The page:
Haukanhieta and A Frog Went A-Courting

Ascension Day and the following Mother’s Day weekend gave a business woman and her office ninja of a husband (that’s us) a beautiful Summer day. We got the Friday off, so a weekend turned into a mini vacation. Our newly purchased hammocks were already tried and tested, so we grabbed them along. Helvetinjärvi (Hell’s Lake) National Park in Ruovesi was chosen as a destination. Last Autumn it barely lost the vote to Salamajärvi in the Hiking and Camping Class weekend trip. We stayed the night at Haukanhieta (Hawk’s Sand) which is located on the West side of the Park. We also went on a day trip to the more well-known attraction in the Park, Helvetinkolu.

I’ll be telling all about our weekend in a few parts because, well…there are so many photos! Which is why the walk to feels longer than the walk from – Heikki takes all the pictures he can on the way and none on the way back.

The Park is about a two-hour drive away from Jyväskylä. Granted, we took a detour via Jämsä because we needed to borrow some rain covers and rope, just in case. We typed in Haukanhieta into our GPS and found our way there with ease. A word of warning, though: the last few kilometers are on unpaved roads that are fairly worn out. The parking lot was packed thanks to the beautiful weather but we managed to squeeze our car in there. Haukanhieta camp site with its wide sandy shores is about 200 meters from the parking lot. There are several spots specifically for tents but as previously mentioned, we used trees to hang our hammocks. We did pack a tent as well but decided to leave it in the car, as a backup.

We set up our camp in about 20 minutes. The rain covers served more as a way to shield our stuff from prying eyes when we were out and about. I took a quick afternoon nap after we set everything up. It’s the main reason I wanted a hammock in the fisrt place!

An evening walk heading East – and then North

Our evening walk (part 1) was towards Heinälahti. We walked into what can only be called a tree graveyard. A plethora of fallen giants everywhere. They’d been there since the big storm of 2010. The idea was to leave them for insects to feed on. So we needed to circle around the wreckage in wet moss here and there. But beyond them opened up beautiful cliffs and boardwalks. And a whole lot of croaking – frogs were ”getting it on” all over the marshes and riverbeds. You could hear them a mile away and they didn’t seem to be bothered by our presence.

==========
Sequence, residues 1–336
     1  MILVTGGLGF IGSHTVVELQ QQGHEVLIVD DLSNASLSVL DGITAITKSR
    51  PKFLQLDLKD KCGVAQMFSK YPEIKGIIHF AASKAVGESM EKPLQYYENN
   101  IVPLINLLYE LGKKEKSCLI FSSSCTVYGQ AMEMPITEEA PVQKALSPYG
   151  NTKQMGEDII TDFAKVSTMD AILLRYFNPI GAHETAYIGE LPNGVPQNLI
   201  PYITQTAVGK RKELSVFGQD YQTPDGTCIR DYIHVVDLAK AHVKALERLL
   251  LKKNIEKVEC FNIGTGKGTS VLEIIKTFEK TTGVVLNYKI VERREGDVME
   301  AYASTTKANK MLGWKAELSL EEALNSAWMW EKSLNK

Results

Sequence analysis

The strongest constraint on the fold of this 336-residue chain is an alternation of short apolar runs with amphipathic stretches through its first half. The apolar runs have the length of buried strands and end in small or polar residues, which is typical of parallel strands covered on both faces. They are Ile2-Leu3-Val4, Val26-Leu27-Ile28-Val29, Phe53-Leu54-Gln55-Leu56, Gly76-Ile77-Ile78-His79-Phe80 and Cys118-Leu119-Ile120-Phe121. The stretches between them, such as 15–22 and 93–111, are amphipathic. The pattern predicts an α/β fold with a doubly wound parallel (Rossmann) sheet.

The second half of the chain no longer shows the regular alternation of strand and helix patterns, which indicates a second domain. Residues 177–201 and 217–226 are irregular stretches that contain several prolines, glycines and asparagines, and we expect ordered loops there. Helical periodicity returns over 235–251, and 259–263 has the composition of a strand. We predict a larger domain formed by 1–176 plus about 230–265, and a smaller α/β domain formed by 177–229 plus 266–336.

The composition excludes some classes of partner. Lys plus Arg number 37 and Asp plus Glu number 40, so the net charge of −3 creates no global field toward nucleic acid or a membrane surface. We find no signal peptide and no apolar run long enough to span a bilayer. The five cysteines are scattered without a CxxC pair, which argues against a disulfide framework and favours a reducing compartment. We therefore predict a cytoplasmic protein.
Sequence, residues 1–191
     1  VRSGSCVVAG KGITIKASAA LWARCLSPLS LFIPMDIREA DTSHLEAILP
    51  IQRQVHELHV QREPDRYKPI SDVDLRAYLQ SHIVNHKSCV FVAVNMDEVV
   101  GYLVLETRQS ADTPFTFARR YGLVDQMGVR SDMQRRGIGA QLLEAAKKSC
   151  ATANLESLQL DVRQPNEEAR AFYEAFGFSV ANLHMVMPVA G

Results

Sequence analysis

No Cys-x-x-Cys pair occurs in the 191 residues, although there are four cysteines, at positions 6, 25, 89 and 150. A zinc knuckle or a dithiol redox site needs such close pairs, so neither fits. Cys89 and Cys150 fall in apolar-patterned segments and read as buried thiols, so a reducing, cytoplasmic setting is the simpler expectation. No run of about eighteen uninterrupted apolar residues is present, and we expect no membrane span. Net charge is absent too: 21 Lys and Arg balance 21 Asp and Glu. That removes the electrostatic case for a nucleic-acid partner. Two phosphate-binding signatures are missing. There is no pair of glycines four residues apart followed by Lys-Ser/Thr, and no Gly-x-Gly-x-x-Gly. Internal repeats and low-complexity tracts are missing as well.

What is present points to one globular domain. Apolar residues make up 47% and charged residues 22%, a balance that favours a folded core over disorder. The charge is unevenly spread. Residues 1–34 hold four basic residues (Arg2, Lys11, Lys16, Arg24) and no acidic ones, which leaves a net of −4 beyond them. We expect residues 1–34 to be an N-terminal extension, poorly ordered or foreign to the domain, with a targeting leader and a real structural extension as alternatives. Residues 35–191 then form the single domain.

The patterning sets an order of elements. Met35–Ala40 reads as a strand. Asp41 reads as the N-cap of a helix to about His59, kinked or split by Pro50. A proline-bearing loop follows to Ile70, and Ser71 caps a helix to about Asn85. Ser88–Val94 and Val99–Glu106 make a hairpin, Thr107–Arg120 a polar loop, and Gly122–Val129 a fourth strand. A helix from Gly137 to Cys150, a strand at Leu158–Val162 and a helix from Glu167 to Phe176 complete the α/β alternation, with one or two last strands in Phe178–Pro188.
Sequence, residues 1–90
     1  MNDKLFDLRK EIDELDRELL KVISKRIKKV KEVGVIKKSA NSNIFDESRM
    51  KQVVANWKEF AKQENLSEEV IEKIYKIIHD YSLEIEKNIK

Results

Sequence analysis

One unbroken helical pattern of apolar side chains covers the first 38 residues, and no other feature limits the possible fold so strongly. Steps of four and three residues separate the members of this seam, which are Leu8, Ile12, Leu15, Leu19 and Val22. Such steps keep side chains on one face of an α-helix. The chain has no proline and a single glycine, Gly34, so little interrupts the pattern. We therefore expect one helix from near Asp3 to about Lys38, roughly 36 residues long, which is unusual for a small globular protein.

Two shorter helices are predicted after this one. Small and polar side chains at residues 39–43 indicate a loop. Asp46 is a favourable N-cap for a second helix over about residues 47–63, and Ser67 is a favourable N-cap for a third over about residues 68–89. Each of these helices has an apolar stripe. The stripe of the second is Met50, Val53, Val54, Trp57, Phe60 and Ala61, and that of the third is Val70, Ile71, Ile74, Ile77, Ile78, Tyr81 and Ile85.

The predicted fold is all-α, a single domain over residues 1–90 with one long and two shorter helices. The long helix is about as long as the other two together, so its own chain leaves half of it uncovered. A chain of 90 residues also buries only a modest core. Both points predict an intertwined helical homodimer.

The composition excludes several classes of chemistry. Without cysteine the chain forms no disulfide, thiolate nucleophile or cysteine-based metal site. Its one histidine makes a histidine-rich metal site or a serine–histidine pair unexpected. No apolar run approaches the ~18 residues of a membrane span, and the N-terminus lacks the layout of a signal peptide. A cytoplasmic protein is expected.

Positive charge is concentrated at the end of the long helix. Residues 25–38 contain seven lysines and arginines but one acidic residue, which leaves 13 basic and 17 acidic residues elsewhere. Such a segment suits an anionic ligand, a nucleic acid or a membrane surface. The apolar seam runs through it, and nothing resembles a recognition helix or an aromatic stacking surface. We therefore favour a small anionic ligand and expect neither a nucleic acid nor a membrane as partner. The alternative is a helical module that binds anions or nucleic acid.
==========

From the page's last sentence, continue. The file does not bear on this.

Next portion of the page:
Heikki called me a frog hater but I wasn’t trying to step on them and I didn’t actually step on any but seriously, they were practically suicidal! You’re allowed to walk on the trail as much as you want but landing is prohibited on the shores of Haukanjärvi from April 15th to July 31st. Birds need their privacy, you know.

As it turns out, we didn’t go all the way to Heinälahti. We took a wrong turn to Pirkan Taival route and that lead us away from the Park. As soon as we saw the sign, we turned back and headed towards our camp site. There’s a vista point about 1,5 kilometers down the trail to Helvetinkolu, so that’s where we went after a nice, hot meal. They’d built wooden structures and staircases on the cliffs, along with a table and some benches. But as a stonehugger, I chose to sit on top of the cliffs.

As we arrived back to camp, the sun was gradually setting. There we were, enjoying the spectacular view when a few mosquitos joines us. First they occupied the shore but not before too long they found our hammocks as well. So we zipped up and continued to watch the sunset behind the bugnets. Haukanhieta is a fairly popular camping ground, so in addition to bugs, we had human company as well. There was a group of kayakers who had a sauna tent with them and lots and lots of families in their respective tents. After sundown we didn’t have anything special plannes and everyone else seemed to call it a day, so we followed suit.

So how did we sleep? I’ll tell you soon enough!

//Anne

P.S. As per usual, driving instructions, maps and such can be found from the National Park’s website.

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